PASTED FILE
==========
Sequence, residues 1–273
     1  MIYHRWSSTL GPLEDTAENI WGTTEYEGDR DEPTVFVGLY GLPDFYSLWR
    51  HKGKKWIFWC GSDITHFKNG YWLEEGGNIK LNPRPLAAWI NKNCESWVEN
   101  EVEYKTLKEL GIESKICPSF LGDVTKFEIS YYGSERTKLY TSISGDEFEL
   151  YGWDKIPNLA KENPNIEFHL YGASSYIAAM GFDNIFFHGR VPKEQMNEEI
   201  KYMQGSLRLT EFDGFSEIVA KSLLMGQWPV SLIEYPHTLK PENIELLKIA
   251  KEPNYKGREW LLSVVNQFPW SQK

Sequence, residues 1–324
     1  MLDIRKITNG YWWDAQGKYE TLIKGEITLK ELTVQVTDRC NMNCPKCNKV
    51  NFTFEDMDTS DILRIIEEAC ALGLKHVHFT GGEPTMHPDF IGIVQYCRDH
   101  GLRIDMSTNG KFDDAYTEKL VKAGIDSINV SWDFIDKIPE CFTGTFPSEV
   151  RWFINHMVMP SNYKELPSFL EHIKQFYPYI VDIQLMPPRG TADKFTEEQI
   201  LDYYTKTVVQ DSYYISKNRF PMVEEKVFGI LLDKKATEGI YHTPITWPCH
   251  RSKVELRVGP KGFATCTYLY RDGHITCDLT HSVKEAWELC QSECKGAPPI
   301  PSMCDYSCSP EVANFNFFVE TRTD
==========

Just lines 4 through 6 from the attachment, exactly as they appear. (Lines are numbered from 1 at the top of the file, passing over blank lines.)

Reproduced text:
   101  EVEYKTLKEL GIESKICPSF LGDVTKFEIS YYGSERTKLY TSISGDEFEL
   151  YGWDKIPNLA KENPNIEFHL YGASSYIAAM GFDNIFFHGR VPKEQMNEEI
   201  KYMQGSLRLT EFDGFSEIVA KSLLMGQWPV SLIEYPHTLK PENIELLKIA